Posted by Jake


Anonymous Anonymous said ... (December 09, 2004 1:51 PM) 

My bad, I referred to Mr. Palmer as Mr. Turner....

Oops, I was thinking Bachman Turner overdrive while writing this.... 

Posted by Jake


Anonymous Anonymous said ... (December 09, 2004 1:54 PM) 

man, shows you what happens when you get all worked up without doing investigation...

Either way, the guy still falls under, I don't care in my book, as I hate all LDS writers that try to make a buck by writing stuff like this...


Posted by Jake


Anonymous Anonymous said ... (December 09, 2004 10:54 PM) 

I know that the Church PR department is quite appreciative of the work FAIR and FARMS do.

That said, there is a woeful inadequacy of good info in other languages, and neither FAIR nor FARMS has the means to get them translated. There are a few things out there, such as www.idumea.org for the French.

I predict (watch me go out on a limb here) that something will happen between the Church, the Internet, and the missionaries, because the Church won't tolerate losing large percentages of its investigators this way. MIssionaries drop me. Missioaries leave. INvestigator gets on line. Missionaries return. INvestigator asks about polygamy or a host of other things. Missionaries hem and haw, or worse, spout traditional falsehoods like "there were more women than men" confirming to the investigator that the internet site he found does indeed know more than the (as he may think) trained theological representative of the Church. At the very least, missionaries are going to need to know how to deal with hard questions, not in the sense that they need to be experts on historical matters, but how to respond well.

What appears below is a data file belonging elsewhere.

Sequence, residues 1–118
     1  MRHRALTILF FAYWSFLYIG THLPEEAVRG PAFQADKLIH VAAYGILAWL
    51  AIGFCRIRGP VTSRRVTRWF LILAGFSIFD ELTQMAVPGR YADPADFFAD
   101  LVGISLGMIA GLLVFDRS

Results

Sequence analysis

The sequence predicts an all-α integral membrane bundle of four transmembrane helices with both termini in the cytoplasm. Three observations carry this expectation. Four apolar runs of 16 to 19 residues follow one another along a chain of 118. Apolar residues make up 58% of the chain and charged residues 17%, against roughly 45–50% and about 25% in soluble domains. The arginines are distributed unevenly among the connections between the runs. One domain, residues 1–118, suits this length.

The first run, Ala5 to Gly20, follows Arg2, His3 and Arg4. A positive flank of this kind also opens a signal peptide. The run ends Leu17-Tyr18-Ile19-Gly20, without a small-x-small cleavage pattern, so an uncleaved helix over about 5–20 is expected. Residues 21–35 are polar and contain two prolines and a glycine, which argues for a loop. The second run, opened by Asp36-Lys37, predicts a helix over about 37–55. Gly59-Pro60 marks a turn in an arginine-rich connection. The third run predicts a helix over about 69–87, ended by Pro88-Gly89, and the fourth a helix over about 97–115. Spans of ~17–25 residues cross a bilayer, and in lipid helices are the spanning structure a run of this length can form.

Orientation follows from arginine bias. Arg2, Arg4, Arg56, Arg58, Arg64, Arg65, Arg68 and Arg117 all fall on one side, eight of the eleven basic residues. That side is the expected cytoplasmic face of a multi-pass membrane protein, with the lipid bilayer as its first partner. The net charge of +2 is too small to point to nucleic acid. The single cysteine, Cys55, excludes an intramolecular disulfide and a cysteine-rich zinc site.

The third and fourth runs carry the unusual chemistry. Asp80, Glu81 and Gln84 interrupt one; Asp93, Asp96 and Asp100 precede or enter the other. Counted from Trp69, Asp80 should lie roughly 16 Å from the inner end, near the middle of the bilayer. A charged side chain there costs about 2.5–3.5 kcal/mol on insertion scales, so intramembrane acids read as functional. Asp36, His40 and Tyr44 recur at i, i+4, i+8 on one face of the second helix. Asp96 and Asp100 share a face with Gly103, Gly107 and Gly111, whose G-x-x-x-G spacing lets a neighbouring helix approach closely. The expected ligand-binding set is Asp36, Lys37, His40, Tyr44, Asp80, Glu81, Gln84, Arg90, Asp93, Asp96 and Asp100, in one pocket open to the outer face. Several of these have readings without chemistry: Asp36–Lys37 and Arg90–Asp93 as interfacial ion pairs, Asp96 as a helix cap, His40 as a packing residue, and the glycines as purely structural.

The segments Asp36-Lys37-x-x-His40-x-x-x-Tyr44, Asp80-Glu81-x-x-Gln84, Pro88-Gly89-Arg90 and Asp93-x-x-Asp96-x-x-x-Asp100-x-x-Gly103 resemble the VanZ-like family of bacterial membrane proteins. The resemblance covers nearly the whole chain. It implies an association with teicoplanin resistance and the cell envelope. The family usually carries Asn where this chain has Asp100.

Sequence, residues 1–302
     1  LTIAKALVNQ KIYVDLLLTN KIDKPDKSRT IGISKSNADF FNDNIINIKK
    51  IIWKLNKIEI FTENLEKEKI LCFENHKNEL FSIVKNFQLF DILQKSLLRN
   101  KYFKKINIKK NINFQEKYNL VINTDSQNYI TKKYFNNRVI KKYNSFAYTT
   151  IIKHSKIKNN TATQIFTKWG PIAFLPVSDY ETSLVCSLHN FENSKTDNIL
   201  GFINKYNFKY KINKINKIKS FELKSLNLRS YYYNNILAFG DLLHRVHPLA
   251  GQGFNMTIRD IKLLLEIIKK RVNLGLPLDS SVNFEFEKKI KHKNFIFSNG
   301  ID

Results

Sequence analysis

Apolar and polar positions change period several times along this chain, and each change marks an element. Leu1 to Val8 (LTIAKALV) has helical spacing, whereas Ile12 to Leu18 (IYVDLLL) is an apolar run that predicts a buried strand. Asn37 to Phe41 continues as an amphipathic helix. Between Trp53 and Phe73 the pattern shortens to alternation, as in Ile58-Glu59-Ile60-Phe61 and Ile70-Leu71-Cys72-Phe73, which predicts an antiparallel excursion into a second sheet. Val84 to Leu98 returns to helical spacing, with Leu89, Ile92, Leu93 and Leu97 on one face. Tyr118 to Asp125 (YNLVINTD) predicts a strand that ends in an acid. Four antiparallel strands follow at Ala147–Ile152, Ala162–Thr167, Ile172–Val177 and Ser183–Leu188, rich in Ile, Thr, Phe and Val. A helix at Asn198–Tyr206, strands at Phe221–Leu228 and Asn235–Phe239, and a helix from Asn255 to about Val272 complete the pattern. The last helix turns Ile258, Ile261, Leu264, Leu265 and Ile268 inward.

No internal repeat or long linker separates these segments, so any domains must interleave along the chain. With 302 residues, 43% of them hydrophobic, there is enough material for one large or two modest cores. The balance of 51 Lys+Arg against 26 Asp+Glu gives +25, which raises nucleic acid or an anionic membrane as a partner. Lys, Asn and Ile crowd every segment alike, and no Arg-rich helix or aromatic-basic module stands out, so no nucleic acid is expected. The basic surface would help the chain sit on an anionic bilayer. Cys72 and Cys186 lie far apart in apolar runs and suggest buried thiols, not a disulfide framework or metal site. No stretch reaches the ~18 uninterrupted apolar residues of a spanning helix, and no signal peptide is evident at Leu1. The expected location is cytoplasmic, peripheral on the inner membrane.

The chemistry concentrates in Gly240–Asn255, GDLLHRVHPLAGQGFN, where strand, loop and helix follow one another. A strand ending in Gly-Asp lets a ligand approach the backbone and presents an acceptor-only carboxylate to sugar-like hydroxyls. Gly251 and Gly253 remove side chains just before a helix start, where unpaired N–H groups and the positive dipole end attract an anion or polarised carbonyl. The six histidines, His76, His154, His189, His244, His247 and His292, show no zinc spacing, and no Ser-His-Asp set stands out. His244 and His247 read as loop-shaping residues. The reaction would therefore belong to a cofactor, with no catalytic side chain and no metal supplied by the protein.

I note the letter is from Bob McCue, the newest celeb of the Exmo board.  

Posted by Ben S.


Anonymous Anonymous said ... (December 10, 2004 4:44 PM) 

I agree, Ben S. The looming problem is that the rise of apologetics as a form of LDS religious discourse is threatening to overshadow the traditional missionary-investigator relationship, which has always been oriented toward "first principles" teaching. The kind of questions an investigator who really does online investigating is likely to come up goes well beyond first principles.

An online resource might work. How's this for an idea: every stake calls two "Stake Apologetics Specialists" as resources for full-time missionaries to call on when needed (of course you have to call knowledgeable people for it to work, but most stakes have a half dozen amateur apologists these days). I just don't see young missionaries as capable of dealing with the topics and explanations in a way that will satisfy an investigator of average intelligence who can Google "Mormon church" and read for 30 minutes. 

Posted by Dave


Anonymous Anonymous said ... (December 10, 2004 5:35 PM) 

The problem is, that you can't really assign an answer to some of the contravercial issues in the church... Polygamy for example... The real answer is, that it was a commandment from the Lord at the time.

We tend to do the same thing with the word of Wisdom. Instead of the answer being, that it is a commandment, many go to great lengths to mention the pitfalls of the effect of Caffine and Tannic acid in Coffee, the carbonation and phosphoric acids in Coke, the problems with drugs and alcohol... The bottom line is, that we believe that our prophets got the information from the BIG BOSS, and we are willing to follow those commandments.